Deb and I were at a Dane Dance last night, one of the many wonderful opportunities in Madison for summer play. There was a little girl, probably around 10 or 12 who wore a shirt that simply said “This is my summer shirt.” The clincher was that the phase was written upside down! I thought, “yup, a player kid!” Maybe Mom was the player in the family and had the idea of an upside-down writing. Regardless, someone wanted to play with words. Mozart once played the piano while facing outward from the instrument, just to see if he could do it. Players might just learn better upside down or backwards because it is different…not wrong.

  1. The Discipline Challenge

Most people think of discipline as a means of punishment, but etymological root of the word discipline is learning. We get the words disciple (student) discipleship (learning) from the same Latin root. It is helpful to think of discipline as purposeful and active learning done with a certain effort and commitment. Successful professional players, like dancers, athletes, and musicians have disciplined themselves to work at their professional play. Yet discipline is a challenge for young players, and often for players of all ages, because of the requirement for work and purposeful effort. Free players, as we have defined them in the last chapter, have a particularly difficult time disciplining themselves in some purposeful activity because they are more interested in the play of the moment rather than in some kind of professional play. Free players, who are the bulk of players in the world, need to find ways to find discipline enjoyable, exciting, and ultimately rewarding. The key word here is ultimately, something that is not naturally a part of free players’ view of the world and of play. They want to play now, play easy, and play all the time with little effort into finding a way to play more successfully and purposefully. Their need for immediate stimulation makes discipline very challenging.

Whether in business, school, or relationships, players need discipline, the discipline to do what you don’t want to do now so you can do what you do want to do later. This kind of discipline has to start in childhood or it will be very difficult to find it later in life. If player children are indulged with too much free play, or restricted too much from any play, they will not find the balance of work and play that is essential to success in life. People with a caretaker temperament can work all the time, but this is absolutely not true of players. They may actually be able to accomplish just as much alternating between playing and working, but it can’t be work all the time. And it can’t be work first, play second. Play has to come first…but it can’t end with play. This is the challenge for players: they want to play all the time.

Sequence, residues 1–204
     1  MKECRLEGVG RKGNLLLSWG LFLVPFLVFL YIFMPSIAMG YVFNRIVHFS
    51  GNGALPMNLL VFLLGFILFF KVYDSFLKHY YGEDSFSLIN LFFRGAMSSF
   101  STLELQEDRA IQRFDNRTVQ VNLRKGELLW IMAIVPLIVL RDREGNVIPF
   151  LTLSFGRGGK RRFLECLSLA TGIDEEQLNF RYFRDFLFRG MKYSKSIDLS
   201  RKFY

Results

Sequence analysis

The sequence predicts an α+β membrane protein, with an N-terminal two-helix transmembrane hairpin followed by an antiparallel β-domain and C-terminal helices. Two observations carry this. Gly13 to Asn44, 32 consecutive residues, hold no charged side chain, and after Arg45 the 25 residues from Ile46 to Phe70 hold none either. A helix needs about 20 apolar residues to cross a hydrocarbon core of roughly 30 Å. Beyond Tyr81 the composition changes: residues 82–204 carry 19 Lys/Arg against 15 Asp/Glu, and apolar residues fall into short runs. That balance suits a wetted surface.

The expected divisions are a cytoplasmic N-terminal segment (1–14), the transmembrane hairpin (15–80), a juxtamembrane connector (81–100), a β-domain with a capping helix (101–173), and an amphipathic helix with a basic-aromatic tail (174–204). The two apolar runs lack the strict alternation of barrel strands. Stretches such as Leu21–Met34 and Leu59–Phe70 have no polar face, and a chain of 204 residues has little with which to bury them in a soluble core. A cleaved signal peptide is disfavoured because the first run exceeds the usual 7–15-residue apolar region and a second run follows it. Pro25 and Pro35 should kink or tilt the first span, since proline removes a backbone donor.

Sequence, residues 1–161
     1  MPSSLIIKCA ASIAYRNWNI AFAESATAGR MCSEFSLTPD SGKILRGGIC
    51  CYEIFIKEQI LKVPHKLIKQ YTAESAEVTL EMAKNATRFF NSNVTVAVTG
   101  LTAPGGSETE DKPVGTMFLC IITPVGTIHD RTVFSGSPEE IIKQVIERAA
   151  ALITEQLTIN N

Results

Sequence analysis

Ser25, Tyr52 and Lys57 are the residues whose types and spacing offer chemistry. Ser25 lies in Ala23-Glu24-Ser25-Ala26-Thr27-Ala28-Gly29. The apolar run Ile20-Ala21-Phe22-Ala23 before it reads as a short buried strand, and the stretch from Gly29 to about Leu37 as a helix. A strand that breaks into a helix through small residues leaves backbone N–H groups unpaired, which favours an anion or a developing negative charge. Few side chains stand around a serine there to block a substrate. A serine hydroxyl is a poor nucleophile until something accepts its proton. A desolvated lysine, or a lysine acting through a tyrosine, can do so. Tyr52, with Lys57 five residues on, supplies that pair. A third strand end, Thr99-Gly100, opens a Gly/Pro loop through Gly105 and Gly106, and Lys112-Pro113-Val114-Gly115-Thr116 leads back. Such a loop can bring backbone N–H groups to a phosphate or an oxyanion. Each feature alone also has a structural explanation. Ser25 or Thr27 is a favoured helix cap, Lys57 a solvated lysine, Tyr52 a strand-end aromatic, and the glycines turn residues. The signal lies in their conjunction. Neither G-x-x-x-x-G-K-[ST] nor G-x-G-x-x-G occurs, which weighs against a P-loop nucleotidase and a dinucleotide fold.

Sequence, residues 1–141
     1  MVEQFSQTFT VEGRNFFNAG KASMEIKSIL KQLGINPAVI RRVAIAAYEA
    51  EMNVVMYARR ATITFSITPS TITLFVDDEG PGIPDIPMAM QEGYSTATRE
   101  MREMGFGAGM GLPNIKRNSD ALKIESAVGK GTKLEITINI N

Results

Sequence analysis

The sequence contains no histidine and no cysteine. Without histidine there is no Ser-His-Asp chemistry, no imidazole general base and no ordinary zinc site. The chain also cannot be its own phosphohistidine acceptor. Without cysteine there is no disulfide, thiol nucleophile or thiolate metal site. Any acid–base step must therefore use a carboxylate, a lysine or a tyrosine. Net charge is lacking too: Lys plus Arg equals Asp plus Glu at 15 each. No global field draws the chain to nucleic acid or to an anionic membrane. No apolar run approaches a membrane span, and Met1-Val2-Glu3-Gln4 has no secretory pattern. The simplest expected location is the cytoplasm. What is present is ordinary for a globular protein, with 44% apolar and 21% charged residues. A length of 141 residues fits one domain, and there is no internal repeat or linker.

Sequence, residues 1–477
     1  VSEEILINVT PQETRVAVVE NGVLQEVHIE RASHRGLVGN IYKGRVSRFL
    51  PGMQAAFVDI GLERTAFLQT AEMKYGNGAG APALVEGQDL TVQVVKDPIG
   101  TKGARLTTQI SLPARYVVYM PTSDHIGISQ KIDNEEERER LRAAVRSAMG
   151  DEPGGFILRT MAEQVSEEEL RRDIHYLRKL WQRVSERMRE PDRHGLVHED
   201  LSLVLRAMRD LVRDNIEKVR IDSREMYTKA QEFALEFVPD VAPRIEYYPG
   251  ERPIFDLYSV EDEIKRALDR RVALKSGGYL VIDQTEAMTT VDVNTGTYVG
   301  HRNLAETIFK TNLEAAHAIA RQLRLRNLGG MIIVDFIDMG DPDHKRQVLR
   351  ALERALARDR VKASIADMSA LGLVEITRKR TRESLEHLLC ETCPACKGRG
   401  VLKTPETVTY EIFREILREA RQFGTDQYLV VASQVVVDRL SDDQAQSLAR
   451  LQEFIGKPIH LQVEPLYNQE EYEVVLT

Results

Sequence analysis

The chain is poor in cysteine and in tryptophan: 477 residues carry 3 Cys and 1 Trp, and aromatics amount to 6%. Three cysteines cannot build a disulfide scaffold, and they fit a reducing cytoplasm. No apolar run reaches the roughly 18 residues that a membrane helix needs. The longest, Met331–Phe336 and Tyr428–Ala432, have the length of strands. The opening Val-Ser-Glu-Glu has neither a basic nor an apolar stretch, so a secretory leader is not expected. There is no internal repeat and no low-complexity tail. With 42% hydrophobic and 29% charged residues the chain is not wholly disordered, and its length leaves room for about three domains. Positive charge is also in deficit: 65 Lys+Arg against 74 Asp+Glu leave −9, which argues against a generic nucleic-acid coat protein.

1. The Offensive Challenge.

The biggest social problem players face is that they offend people by their intrusions, albeit without intending to do so. Both adult players and child players offend, but because children are not usually developed in self-awareness, much less self-governance, player children offend easily and often. They intrude on teachers and fellow students in class. They intrude on their parents and siblings. They even intrude on fellow players in group play or free play. The hardest social task for players who are truly seeking to mature in life is to remember that everyone doesn’t want to play all the time, and that players’ tendency to engage people in some kind of play is experienced as an uninvited intrusion. Players are misinterpreted as being purposefully intrusive and are pushed away, often with great offense. Players simply want to bring fun to other people. It is very hard on them when they disappoint other people, harder when they hurt other people, and hardest yet when they are criticized for playing. They think something like, “All I want to do is to have fun and bring fun to other people. Why does this offend people?”